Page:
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Electronic point of sales devices to curb tax evasion – Ministry

The introduction of electronic points of sales devices to be deployed by the third quarter of 2017 will curb tax evasion and improve revenue collection under the VAT system, Mr Daniel Nuer, Head of Policy Unit, Ministry of Finance has said.

Government, he said would carry out the full implementation of the Excise Tax Stamp Act, 2013 (Act 873) to boost revenue collection and curtail under-invoicing and smuggling. 

Mr Nuer, said this at a post budget seminar in Accra, organised by the Ministry of Finance in collaboration with the Ghana Revenue Authority (GRA) and Gesellschaft Fur Internationale Zusammenarbeit (GIZ).

Mr Nuer said the introduction of the transfer pricing unit of the GRA would be strengthened to undertake rigorous audits of multinational companies. 

He explained that the basis of taxation was to provide government with the funds needed to invest in development, promote the welfare of the citizenry and to finance its activities.

“Taxation serves as an alternative to aid dependence and provides fiscal reliance and the sustainability needed to promote economic growth”, he added.

Mr Nuer noted that tax policy should be designed in a way that, they will impose minimal cost on the productive sectors of the economy, since they serve as an engine of growth.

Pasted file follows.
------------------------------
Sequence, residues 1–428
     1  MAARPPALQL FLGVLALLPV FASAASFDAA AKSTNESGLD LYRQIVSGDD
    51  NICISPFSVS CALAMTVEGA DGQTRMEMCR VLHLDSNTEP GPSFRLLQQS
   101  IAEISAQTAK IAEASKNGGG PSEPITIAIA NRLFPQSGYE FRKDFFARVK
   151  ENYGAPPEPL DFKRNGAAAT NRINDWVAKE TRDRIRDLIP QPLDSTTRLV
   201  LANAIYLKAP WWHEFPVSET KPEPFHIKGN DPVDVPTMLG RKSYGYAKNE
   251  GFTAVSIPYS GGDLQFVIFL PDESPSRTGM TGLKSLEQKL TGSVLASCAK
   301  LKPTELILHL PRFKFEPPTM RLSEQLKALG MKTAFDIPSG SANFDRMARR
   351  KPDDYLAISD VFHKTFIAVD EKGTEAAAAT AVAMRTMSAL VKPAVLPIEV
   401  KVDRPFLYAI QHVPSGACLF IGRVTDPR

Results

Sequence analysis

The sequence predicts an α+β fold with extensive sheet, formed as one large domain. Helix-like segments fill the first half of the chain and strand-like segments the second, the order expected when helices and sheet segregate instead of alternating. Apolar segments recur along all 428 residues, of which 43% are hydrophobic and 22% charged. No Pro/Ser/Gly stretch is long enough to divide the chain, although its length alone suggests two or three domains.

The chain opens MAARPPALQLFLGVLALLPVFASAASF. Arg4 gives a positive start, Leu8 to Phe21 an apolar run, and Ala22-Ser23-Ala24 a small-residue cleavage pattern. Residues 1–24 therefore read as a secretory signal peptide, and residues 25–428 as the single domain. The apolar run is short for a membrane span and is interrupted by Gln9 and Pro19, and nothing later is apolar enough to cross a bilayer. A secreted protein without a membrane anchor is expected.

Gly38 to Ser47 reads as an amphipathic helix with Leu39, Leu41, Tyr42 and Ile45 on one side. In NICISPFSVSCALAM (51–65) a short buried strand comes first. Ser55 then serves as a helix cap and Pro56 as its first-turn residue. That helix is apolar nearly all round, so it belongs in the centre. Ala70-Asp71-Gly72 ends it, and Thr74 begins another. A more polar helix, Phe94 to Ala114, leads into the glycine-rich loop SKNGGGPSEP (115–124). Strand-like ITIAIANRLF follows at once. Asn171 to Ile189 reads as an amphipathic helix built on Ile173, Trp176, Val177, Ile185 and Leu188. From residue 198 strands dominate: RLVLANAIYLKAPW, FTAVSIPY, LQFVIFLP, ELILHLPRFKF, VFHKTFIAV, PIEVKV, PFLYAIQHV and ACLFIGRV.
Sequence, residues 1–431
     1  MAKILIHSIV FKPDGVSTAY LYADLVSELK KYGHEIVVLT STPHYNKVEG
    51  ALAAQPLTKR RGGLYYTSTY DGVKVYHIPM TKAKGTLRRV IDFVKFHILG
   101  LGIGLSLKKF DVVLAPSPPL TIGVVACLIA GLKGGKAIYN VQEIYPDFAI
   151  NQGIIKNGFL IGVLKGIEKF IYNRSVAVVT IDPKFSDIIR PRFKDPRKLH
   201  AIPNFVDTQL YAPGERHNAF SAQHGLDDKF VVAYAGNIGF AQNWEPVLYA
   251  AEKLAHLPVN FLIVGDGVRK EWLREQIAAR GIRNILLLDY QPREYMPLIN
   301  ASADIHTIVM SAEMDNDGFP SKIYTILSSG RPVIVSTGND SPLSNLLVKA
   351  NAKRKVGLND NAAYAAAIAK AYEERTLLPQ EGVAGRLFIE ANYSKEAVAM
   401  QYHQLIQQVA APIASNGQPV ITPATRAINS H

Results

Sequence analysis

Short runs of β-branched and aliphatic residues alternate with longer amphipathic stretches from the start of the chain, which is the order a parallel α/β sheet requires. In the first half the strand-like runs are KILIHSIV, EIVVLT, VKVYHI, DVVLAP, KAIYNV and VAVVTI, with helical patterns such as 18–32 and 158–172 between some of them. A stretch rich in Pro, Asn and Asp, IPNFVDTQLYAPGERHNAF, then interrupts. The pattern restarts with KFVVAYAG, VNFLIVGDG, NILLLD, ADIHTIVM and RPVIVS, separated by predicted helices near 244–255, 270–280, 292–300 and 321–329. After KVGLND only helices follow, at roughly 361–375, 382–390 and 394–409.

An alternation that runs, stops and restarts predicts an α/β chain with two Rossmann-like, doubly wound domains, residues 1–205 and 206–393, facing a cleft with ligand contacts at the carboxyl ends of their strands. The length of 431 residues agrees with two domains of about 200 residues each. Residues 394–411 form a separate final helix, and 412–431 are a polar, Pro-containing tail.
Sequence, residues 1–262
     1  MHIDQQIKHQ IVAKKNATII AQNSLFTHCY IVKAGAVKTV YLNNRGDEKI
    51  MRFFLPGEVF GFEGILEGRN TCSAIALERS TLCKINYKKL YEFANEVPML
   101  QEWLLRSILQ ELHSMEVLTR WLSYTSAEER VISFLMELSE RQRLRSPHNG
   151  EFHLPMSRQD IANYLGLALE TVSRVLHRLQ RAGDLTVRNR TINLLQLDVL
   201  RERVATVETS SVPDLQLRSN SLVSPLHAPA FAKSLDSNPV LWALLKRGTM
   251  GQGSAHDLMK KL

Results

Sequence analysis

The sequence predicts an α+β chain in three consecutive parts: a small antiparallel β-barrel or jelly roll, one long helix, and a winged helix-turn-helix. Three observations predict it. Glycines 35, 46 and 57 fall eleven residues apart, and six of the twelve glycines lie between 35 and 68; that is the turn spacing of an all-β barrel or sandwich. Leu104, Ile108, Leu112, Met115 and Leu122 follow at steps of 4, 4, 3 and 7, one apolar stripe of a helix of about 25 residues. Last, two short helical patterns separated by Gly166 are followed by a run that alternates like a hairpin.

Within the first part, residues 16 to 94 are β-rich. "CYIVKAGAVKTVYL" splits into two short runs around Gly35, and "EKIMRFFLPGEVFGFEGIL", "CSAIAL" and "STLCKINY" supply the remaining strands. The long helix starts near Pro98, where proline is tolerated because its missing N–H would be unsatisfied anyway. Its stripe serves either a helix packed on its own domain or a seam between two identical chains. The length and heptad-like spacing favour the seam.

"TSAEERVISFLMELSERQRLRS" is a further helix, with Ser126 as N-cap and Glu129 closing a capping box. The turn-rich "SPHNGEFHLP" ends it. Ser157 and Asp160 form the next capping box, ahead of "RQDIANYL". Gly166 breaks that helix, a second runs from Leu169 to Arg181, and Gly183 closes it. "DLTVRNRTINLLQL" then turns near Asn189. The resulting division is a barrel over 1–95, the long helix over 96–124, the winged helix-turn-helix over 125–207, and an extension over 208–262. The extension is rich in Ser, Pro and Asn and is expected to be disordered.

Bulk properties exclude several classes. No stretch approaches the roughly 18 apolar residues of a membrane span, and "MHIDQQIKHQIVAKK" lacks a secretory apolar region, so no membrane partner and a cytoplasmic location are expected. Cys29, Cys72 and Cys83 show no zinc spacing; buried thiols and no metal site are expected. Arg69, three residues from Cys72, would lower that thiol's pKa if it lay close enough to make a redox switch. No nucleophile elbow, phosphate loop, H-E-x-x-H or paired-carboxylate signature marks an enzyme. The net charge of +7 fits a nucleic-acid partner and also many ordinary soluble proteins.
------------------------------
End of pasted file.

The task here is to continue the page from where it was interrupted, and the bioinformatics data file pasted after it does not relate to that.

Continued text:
He said the tax policy direction of the budget was to strike the right balance between domestic revenue resource mobilization for development and designing an attractive tax regime that promotes domestic and foreign investment.

Mr Nuer stressed that government had remove the one percent special import levy, which was imposed mainly on imported raw materials and machinery to reduce the cost of production and make local goods more competitive. 

He said government had abolished the 17.5 percent VAT/NHIL on selected imported medicines not produced locally to reduce the cost of health care and allow citizens to easily access health services. 

“Government had removed the excise duty on petroleum in order to reduce the excess burden on final consumers. The special petroleum tax rate was reduced from 17.5 percent to 15 percent in order to mitigate the excess burden on final consumers”.

He said government has reviewed the energy sector levy to reduce the cost of power which was not only a major factor for production but also an essential requirement for everyday living. 

“Government has embarked on a comprehensive review of the regime on import duty exemptions and tax reliefs with a view to eliminating abuses and improving efficiency in the applications of these incentives”.

Mr Lawrence Hotsonyame said the Commissioner-General was obliged to set up a Taxpayer Identification Numbering (TIN) System for the purpose of identification of tax payers; and promoting tax compliance.

The TIN was necessary to help clear any goods from any port or factory, register any land title to land, interest in land or any document affecting land and obtain any Tax Clearance Certificate from the GRA.

Mr John Vianney Kuudamnuru, the Commissioner, in charge of Customs Division of GRA said the Authority will collaborate with the Ministry of Finance and GIZ to improve on education on the new policies in the 2017 budget.

Source: GNA

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